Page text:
Thursday, 7 July 2011
Bharat’s love for Rama
While writing the epic of Ramanaya, Tulsidas, after paying obeisance to various gods and goddesses, bows his head to Bharat first, not to Rama, not to Sita, not to Laxman, around whom the entire tale of Ramanaya is woven. Among humans he pays obeisance to Bharat. He says: “vandau pratham Bharat ke charana.” All others come later in his list. One wonders why?
When Bharat returned to Ayodhya, and learned about his mother, Kaikeyi’s betrayal towards king Dasharatha and Rama, he was thoroughly displeased with her. Bharat refused to accept the throne and declared that he didn’t want anything to do with his mother and did not want to see her face ever again. Ignoring everyone’s pleas in the palace, Bharat, set out to find Rama, Sita and Laxman along with a few like minded citizens and a little army. He intended to request, cajole, force, whatever it took, to bring Rama , Sita and Laxman back to Ayodhya and for Rama to accept the throne and look after the kingdom.
Bharat found Rama, touched his feet, embraced both his brothers and expressed his desire that the trio should return with him. He also made it clear that he was not happy with his mother, was not a party to her scheme, and begged for Rama's forgiveness. Upon which Rama told him that he (Rama) bore no grudge against Kaikeyi. Like Kaushalya, kaikeyi too was his mother and it was his solemn duty to obey his mother’s wishes and follow her orders. That he had no misgivings for Bharat’s love for all of them. Bharat could not be consoled, refused to budge and insisted that if Rama did not return, he would remain with them in exile. Ultimately, Rama had to order Bharat to return to Ayodhya, take care of the kingdom and most important of all, forgive Kaikeyi. It was their destiny and Kaikeyi was only the means.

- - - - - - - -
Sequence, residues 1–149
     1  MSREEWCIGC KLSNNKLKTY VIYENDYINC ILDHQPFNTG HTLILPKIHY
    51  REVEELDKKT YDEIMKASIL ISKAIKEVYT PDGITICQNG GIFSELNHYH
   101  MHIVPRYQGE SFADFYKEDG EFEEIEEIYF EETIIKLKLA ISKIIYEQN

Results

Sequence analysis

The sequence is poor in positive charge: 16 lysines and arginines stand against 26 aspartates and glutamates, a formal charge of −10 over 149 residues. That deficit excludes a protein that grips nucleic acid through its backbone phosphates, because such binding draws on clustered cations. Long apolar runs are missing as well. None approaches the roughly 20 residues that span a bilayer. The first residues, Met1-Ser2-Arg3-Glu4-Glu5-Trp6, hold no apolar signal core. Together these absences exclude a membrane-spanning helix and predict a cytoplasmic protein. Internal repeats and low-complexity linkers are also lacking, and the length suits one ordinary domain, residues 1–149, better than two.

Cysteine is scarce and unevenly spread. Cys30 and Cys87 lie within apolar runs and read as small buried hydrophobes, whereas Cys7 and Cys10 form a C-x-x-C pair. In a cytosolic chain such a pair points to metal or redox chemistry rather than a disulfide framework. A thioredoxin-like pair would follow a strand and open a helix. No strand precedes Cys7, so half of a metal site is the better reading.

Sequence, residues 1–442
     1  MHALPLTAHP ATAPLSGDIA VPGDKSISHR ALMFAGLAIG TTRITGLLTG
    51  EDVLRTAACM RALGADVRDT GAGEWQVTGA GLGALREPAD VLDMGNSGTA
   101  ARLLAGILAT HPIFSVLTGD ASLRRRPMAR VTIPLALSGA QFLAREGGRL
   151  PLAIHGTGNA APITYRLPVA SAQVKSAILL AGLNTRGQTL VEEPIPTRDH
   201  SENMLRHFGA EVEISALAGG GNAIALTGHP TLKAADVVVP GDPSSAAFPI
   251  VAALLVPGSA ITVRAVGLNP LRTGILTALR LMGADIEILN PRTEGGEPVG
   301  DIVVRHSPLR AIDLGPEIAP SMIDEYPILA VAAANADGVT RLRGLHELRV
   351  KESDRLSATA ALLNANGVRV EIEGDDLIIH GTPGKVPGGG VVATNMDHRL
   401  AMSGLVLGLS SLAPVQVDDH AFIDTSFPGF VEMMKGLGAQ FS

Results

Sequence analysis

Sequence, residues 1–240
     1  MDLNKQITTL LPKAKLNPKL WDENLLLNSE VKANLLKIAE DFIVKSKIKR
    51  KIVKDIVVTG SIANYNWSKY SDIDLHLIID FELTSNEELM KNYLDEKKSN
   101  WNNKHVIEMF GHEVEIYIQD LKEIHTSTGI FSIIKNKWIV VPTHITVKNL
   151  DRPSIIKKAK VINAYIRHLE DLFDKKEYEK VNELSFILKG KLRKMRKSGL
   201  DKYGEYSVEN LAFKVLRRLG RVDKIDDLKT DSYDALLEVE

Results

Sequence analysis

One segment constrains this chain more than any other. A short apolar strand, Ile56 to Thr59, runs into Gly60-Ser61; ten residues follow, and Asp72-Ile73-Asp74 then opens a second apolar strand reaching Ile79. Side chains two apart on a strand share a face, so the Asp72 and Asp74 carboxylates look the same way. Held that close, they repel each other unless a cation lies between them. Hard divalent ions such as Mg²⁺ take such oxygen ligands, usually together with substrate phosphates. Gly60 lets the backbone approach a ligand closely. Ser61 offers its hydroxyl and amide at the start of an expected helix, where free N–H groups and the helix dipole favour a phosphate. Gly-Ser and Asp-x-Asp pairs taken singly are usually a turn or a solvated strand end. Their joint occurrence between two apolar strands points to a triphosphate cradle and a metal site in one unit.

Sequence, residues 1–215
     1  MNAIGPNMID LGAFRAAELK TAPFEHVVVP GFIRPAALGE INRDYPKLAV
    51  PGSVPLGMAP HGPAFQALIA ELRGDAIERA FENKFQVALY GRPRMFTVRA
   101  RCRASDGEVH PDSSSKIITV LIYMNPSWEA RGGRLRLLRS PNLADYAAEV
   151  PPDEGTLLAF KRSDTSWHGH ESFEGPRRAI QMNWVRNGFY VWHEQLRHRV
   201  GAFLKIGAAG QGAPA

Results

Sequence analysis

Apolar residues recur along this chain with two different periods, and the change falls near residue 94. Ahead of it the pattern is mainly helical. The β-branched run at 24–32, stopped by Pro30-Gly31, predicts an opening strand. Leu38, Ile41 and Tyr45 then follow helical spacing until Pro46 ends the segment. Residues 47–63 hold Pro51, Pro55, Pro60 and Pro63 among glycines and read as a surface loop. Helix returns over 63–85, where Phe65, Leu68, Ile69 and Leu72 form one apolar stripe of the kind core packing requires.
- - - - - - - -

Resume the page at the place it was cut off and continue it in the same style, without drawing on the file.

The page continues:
Bharat was heart-broken but had to abide by Rama’s order. He agreed on one condition. That he would not be the king, won’t sit on the throne, would take Rama’s Khadau (wooden footwear), put them on the throne and would look after the kingdom on Rama’s behalf, a mere proxy.
Here lies the truth. Bharat is not paid obeisance first, that is, even before Rama, Sita and Laxman because he sacrificed the kingdom, or because he insisted to remain with Rama in exile leaving behind his own family. Any well brought up prince of that time would do that for his brother, father or any loved one. He is paid obeisance because he forgave Kaikeyi on Rama’s say so. It is a fact that it is not difficult to forgive others, sometimes out of compulsion, sometimes because of our inability to do anything about it. But it is very difficult to forget wrong done by our own because it hurts our inner being, because we least expect such betrayal from them, such as Kaikeyi’s. It took immense strength of character for Bharat to forgive his mother. BUT HIS LOVE AND DEVOTION FOR RAMA WAS MORE THEN HIS HATE FOR KAIKEYI. There lies his greatness.